They were nervous about even being at the birth, then their wives went into sudden labour at home — and they had to be the midwife: Meet the dads who really delivered!
- Mark Wrighthardt tried to catch his daughter as she slid out, but she slipped halfway down his arm and went partly down the toilet
- Akshay Misra was ready with his hands ‘like a cricketer doing catching practice in the slips’ to catch his daughter when she was born at home
- Brett Nurse delivered two of his children as home water births when the midwife left at the end of her shift
The birth of a child is a momentous moment in any father’s life. But what happens when the baby decides to make a surprise appearance with no medical help to hand? Here, three dads reveal why Father’s Day has a particularly special meaning for them . . .
I USED TO FAINT AT THE SIGHT OF BLOOD
Mark Wrighthardt, 40, is a full-time father who formerly worked in IT. He is married to Heather, 38, a therapy radiographer, and they live in Dorset. Mark delivered daughter Ariana, now three, in May 2016. Mark says:
I’m very squeamish. When I was a teenager, I fainted when I had to go to hospital, and whenever Heather had a blood test during her pregnancy, I turned away from the needle.
I’d just about geared myself up to deal with a hospital birth, but baby Ariana had other ideas.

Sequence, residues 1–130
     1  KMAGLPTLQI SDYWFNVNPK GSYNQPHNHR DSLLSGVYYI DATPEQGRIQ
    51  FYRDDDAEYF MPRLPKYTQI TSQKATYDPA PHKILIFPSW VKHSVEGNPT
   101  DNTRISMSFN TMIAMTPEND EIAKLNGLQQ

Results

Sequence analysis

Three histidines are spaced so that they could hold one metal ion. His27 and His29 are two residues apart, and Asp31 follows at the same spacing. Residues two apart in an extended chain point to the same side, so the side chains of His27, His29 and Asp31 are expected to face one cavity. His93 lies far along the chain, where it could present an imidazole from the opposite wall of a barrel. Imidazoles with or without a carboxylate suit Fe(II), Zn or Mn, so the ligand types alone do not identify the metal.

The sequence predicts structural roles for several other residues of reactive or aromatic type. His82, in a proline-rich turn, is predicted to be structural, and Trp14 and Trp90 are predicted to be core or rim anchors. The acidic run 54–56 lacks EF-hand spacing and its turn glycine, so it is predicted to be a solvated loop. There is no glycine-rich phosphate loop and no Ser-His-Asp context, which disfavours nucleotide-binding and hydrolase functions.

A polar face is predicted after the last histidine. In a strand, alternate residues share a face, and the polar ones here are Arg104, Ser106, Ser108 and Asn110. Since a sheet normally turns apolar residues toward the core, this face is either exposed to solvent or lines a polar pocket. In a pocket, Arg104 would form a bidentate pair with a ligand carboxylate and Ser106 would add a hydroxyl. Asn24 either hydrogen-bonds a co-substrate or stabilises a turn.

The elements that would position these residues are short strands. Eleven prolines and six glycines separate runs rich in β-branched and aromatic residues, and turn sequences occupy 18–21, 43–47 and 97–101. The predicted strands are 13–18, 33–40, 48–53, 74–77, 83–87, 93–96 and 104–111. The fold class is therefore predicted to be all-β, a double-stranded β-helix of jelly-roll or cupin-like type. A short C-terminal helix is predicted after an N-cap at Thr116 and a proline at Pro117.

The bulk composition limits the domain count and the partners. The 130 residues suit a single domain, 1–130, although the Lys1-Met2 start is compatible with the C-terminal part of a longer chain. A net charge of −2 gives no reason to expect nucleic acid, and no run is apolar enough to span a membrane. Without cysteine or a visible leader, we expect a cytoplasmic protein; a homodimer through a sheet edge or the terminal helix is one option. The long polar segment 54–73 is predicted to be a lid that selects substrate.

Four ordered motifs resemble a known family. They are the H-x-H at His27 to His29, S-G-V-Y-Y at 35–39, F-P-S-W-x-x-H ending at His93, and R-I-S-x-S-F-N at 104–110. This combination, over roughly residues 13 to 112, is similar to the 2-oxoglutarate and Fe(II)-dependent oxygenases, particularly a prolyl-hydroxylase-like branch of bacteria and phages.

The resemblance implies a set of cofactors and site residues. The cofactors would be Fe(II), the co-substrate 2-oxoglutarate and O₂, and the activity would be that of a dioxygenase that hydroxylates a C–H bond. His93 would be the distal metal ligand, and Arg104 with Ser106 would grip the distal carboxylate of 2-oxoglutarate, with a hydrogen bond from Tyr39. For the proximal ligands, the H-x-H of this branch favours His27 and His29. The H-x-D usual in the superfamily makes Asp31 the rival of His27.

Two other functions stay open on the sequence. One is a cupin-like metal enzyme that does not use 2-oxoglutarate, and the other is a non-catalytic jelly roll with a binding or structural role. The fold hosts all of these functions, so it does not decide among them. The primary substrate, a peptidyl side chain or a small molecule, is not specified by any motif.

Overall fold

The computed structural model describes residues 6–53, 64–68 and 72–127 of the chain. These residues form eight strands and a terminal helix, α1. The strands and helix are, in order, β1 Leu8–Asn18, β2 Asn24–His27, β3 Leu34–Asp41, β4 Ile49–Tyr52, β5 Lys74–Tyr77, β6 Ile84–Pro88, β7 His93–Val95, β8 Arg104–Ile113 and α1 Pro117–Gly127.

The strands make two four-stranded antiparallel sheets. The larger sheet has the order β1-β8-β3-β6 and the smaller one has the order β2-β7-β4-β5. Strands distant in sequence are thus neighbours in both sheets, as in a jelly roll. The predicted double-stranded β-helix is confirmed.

Heather was only 37 weeks pregnant — three weeks away from her due date — when she started to experience the first stages of labour.
But her backache then turned to cramps and what we now know were actually contractions.
Three hours later, Heather had a sudden urge to go to the toilet and was shouting at me to ring the hospital to find out if it was safe to do so.
The hospital said we needed to come in. But when Heather asked me to check whether I could see the baby’s head, I could see she was coming.
Brett Nurse, who delivered two of his three children with wife Helen. Picture with (l-r) George, Charlie and Daisy
Mark Wrighthardt delivered daughter Ariana (left) at home as did Akshay Misra when Mina was born (right)
I rang 999, putting the call handler on speaker phone because I knew I needed both hands.
It all happened so quickly that I just had to act. As Ariana’s head came out, Heather’s waters broke and I was waiting to catch her.
As the baby slid out, she slipped halfway down my arm and went partly down the toilet.
I grabbed her and I remember Heather asking me: ‘Is she all right?’
I also remember being astonished at how thick the cord was. As I handed Ariana to Heather, I could hear the call handler telling me to go and get some towels, which is when I raced to the airing cupboard.
I didn’t know the sex of the baby until Heather said: ‘We have a daughter!’ She had to tell me twice as I didn’t hear the first time due to shock.
The ambulance arrived, but it was all over by then. Ariana was born at 5.24pm, only three hours after Heather had gone into labour.
Afterwards, I went into shock. I was terrified for days and didn’t sleep for nights. Now I feel privileged and proud to have delivered my daughter. I never knew I had it in me.